Respite for ME Grants First Year Evaluation Report

Document Type


Publication Date



Disability and Aging, older adults, aging, Maine, caregiving, respite care, rural


Under a competitively awarded contract with the Maine Department of Health and Human Services, research staff at the Catherine Cutler Institute, University of Southern Maine conducted an external evaluation of the Respite for ME Grants pilot program. The 2021 Maine Jobs & Recovery Plan, Governor Mills’ plan, approved by the Legislature, established the Respite for ME Grants pilot program to expand respite services to a wider group than existing respite programs through aligning caregiver eligibility definitions with the National Caregiver Program but not requiring certain diagnoses or minimum levels of ADL assistance for the care recipient. The Respite for ME Grants pilot also provides flexibility in the type of services available to reduce caregiver burden, intent to place their care recipient in a facility, and financial strain. Administered by Maine’s five Area Agencies on Aging, the Respite for ME Grants program began enrolling caregivers on October 1, 2022. Upon enrollment, caregivers were assessed on measures of burden including stress and depression, how much caregiving presented a financial strain, and other measures.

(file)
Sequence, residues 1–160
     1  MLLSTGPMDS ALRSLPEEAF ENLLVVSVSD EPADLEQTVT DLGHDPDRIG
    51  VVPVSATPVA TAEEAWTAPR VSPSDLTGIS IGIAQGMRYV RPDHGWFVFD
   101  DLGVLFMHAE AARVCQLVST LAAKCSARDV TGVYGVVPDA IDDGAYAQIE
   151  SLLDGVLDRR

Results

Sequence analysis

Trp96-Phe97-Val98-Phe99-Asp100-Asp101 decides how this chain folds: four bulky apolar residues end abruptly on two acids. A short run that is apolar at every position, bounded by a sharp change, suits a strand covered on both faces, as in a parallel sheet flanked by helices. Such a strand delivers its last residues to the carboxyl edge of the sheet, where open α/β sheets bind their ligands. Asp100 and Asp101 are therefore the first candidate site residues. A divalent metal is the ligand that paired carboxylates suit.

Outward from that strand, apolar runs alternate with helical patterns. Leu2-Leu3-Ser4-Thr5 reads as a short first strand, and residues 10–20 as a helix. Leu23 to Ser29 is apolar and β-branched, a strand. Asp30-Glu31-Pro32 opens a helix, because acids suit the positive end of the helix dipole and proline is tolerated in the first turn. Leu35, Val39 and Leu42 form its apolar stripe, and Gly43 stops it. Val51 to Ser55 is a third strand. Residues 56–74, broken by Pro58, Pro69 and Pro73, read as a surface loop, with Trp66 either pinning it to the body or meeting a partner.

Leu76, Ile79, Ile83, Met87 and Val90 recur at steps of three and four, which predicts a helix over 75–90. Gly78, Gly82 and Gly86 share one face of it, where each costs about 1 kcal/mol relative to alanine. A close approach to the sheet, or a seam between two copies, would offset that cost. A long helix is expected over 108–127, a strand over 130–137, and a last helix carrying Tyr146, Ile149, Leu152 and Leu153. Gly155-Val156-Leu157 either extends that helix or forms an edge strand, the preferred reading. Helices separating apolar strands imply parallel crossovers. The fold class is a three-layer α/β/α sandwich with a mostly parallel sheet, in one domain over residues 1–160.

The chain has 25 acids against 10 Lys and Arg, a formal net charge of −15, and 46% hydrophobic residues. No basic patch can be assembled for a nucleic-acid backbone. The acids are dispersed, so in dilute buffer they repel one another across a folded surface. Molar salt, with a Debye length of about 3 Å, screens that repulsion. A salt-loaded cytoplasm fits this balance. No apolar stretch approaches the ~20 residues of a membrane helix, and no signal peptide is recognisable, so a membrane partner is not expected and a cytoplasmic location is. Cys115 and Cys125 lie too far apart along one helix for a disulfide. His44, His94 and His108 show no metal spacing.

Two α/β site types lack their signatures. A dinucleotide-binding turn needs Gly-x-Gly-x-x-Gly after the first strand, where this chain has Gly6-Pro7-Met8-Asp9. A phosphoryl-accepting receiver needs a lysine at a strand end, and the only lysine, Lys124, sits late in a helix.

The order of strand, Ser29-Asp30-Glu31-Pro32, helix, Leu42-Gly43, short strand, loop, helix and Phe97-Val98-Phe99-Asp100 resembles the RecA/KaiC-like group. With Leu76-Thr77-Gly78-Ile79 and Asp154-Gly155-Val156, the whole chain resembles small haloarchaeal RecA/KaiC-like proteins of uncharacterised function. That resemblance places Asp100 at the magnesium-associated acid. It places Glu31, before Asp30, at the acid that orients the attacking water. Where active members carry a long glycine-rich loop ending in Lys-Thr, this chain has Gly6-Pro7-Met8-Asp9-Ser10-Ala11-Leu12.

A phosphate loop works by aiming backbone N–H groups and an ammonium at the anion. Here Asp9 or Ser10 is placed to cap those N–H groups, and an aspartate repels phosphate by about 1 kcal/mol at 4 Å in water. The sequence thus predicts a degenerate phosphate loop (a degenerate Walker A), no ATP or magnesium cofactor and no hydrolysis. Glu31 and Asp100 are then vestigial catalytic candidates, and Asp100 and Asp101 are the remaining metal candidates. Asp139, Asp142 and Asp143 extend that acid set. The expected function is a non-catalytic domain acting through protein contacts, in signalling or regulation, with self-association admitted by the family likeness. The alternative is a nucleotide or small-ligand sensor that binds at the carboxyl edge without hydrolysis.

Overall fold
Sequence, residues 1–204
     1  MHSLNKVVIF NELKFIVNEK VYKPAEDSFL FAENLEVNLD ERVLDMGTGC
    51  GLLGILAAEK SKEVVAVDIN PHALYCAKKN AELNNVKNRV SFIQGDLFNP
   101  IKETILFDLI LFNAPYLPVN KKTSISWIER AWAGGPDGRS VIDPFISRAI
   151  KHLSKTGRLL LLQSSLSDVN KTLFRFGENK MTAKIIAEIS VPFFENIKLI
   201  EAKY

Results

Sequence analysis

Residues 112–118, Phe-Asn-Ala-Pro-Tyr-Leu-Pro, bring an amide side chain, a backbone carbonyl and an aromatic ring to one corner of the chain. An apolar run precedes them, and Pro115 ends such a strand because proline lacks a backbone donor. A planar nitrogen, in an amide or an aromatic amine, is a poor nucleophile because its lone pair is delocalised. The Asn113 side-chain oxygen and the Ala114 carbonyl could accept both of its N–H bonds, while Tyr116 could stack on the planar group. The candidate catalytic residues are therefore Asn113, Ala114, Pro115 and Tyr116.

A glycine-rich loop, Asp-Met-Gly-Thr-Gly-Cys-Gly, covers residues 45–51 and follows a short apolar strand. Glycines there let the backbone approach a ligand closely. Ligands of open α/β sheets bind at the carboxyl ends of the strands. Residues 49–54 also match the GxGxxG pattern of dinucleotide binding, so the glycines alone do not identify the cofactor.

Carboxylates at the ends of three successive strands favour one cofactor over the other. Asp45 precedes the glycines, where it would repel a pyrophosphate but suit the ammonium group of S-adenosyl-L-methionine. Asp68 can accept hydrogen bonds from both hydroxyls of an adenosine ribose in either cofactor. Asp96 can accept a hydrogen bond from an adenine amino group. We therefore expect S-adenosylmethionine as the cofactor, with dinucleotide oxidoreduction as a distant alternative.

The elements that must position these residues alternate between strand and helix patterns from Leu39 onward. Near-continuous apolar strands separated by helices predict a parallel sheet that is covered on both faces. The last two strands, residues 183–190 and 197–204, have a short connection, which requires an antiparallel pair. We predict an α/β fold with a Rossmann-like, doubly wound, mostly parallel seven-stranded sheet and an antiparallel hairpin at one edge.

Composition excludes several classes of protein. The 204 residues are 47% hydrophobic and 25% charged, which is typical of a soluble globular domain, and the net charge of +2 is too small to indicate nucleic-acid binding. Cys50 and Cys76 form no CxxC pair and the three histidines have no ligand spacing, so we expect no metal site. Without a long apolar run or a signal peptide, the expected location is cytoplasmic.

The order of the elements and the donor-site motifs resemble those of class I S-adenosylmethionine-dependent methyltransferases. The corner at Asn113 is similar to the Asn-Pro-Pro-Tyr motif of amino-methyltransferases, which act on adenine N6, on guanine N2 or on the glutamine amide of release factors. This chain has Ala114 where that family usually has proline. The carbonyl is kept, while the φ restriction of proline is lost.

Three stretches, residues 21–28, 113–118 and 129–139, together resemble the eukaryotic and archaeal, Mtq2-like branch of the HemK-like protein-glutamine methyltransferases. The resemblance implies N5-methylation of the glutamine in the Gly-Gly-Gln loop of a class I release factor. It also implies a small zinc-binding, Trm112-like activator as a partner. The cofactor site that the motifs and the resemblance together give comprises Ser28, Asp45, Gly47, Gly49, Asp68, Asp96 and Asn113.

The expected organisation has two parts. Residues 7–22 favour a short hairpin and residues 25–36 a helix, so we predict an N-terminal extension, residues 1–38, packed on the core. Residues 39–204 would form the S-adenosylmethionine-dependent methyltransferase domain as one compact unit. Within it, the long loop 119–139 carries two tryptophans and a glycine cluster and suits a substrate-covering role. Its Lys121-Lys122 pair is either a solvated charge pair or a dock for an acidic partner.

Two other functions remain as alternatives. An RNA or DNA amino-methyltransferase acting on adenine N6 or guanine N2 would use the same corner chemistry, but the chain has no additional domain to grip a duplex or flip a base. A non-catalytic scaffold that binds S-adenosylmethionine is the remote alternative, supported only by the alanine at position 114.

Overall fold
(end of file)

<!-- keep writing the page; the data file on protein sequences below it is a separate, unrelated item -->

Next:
The evaluation of the Respite for ME Grants pilot analyzed administrative, demographic, and pre-post assessment data to determine the impact of the Respite for ME Grants pilot program on caregiver burden, intent to place, financial strain, and other outcome measures. This evaluation report describes the first year of implementation. the impact of the pilot on caregiver burden and other outcome measures in the first year.

Notable Findings:

After receiving Respite for ME Grants services for 90 days, the percentage of caregivers with…

  • Good or very good health status increased 6%
  • High stress scores decreased 7%
  • High depression scores decreased 9%
  • High financial strain decreased 13%
  • Negative impacts on job performance decreased 16%, and
  • 50% of caregivers had lower overall burden scores.

For more information, please contact Kim Snow at


This evaluation was prepared for the Maine Department of Health and Human Services, Office of Aging and Disability Serviceswas under agreement #ADS-22-9006.

Funding Organization

Maine Department of Health and Human Service

Grant Number